'You're in my prayers'
PLAINFIELD -- In this town, the knife feels near the bone. It is not just the April rain, the gray light on the graying clapboards, the crouching way the mourners have of walking when damp cold is trying every seam and buttonhole, seeking a way in. It's everything: the cardboard cigarette sign in the shop window, the drumbeat of the wipers in the left turn lane off Interstate 395, the crunch of what was once a bit of broken taillight slowly becoming plastic sand. This is Connecticut close to the margin. Scrambling for a job that will pay enough, looking for a path through the days to the sort of security no one seems to be offering anymore -- work, a decent home, a car, children, a life.
Of course you might try the Army.
Dan Malloy and Nancy Wyman arrive separately for the funeral, in their black cars that park on the side street, around the corner from the front door of the little church. Inside, the crowd overflows the pews, but they have saved a space for the governor and the lieutenant governor midway up the aisle. The rest stand in the vestibule. Brig. Gen. Steven Scorzato from the National Guard, in full dress, next to Andy Maynard, the state senator, stamping his feet against the chill. A woman shifts a toddler from arm to arm, trying to urge quiet.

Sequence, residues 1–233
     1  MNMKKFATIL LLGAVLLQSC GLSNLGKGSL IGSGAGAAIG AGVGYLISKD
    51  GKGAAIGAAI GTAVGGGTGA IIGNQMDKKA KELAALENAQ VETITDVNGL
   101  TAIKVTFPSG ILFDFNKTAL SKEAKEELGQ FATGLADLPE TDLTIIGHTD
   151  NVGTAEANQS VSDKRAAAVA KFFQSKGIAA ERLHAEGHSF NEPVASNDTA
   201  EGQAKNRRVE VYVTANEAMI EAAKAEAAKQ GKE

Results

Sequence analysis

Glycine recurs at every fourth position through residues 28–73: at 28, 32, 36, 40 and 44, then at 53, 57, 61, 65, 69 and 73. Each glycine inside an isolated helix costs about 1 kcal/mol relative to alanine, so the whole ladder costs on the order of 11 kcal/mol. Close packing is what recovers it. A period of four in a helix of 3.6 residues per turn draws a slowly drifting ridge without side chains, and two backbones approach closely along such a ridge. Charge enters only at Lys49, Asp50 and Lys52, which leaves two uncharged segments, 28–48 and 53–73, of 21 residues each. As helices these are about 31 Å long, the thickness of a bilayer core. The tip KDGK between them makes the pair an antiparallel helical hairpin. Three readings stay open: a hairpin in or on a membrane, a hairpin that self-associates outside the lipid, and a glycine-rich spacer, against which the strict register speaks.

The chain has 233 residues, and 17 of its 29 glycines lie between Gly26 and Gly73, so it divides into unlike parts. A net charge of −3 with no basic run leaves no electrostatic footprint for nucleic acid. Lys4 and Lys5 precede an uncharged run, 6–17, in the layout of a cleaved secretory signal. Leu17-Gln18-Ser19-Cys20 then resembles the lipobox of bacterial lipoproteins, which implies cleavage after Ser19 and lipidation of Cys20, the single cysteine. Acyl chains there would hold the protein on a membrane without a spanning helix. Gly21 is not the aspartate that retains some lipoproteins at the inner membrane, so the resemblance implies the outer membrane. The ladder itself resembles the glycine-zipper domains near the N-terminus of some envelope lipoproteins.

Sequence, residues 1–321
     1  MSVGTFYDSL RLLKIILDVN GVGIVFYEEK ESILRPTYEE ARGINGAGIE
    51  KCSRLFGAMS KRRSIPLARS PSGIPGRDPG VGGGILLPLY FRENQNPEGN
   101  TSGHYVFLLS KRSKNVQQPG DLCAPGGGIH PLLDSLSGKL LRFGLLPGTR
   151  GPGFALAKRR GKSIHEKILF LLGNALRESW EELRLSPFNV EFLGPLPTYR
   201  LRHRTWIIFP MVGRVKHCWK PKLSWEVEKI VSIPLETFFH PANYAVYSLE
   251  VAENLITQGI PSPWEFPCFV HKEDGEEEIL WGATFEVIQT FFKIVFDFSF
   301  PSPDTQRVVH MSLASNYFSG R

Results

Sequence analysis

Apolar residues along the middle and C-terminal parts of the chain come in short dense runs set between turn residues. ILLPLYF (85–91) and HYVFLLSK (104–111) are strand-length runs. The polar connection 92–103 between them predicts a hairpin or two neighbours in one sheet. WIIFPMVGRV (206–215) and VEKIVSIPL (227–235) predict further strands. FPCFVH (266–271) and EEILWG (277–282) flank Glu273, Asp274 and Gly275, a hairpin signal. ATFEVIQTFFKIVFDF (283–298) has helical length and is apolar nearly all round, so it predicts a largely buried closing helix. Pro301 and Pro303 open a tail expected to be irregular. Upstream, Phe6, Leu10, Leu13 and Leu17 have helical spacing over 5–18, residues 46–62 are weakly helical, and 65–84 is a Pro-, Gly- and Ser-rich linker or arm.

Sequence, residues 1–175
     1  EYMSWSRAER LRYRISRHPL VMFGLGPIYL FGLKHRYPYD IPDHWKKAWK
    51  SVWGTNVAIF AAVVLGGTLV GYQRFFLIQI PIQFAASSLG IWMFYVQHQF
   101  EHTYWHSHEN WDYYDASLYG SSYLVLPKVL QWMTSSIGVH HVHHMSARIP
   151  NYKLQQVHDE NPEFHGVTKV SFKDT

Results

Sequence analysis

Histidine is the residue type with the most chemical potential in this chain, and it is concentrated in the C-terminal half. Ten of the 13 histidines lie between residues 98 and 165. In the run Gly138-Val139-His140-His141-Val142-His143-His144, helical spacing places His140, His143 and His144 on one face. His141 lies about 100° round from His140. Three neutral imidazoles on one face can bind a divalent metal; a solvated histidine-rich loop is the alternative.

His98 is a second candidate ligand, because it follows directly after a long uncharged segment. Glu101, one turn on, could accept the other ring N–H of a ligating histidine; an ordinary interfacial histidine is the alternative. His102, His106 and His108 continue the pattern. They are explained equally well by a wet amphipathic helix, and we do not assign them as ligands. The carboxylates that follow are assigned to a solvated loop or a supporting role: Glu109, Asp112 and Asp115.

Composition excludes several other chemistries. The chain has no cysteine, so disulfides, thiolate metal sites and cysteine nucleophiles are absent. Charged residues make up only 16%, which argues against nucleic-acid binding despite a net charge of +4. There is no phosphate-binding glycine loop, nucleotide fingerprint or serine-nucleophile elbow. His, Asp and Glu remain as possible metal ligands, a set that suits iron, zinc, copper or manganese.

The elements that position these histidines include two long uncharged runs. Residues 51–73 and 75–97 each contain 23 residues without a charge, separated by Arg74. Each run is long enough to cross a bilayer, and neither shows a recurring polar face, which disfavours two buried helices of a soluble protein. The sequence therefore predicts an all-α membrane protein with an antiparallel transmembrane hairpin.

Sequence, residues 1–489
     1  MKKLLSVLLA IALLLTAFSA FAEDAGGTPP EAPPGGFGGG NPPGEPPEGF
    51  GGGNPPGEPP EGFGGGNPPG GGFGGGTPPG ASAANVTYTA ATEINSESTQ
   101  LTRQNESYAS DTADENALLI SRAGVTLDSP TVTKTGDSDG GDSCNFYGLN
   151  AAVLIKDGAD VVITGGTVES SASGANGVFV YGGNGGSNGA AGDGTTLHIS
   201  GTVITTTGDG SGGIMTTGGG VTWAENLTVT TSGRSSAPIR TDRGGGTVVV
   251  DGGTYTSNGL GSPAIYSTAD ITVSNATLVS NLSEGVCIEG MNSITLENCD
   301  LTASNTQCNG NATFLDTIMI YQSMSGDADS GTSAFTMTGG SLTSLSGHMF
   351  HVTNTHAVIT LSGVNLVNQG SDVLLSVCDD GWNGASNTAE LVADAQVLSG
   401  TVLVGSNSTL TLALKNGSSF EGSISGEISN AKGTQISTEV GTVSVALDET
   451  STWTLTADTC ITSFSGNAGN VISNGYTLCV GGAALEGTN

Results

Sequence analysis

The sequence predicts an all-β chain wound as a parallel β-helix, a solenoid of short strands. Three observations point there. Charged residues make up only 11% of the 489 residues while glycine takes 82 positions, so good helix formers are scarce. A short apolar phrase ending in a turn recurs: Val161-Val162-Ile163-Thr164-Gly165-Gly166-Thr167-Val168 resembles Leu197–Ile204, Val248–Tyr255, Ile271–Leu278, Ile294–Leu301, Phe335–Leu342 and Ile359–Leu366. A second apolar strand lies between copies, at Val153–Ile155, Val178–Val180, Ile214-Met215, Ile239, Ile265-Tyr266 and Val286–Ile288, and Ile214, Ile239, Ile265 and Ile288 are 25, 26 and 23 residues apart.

Outside, the reporters and the TV cameras are held to the far side of the street. The sergeant's survivors don't want the media here. A phalanx of bikers hold American flags along the sidewalk; the Patriot Guard is here because the devotees of Fred Phelps, the bitter homophobe preacher from Topeka, have threatened to stage a protest outside the funeral, their argument being that this man died because Americans are too accepting of gay people. The Phelpses don't show, but the Patriot Guard stands there anyway, a waving wall of red and white fabric under the gray clouds.
Inside, the lieutenant governor, the tough Jewish daughter of Brooklyn, lowers her head slightly as mourners sing the hymn from a war movie that has slowly become a memorial standard in the wake of our real wars. The mourners sing "The Mansions of the Lord."
WHAT DO YOU SAY?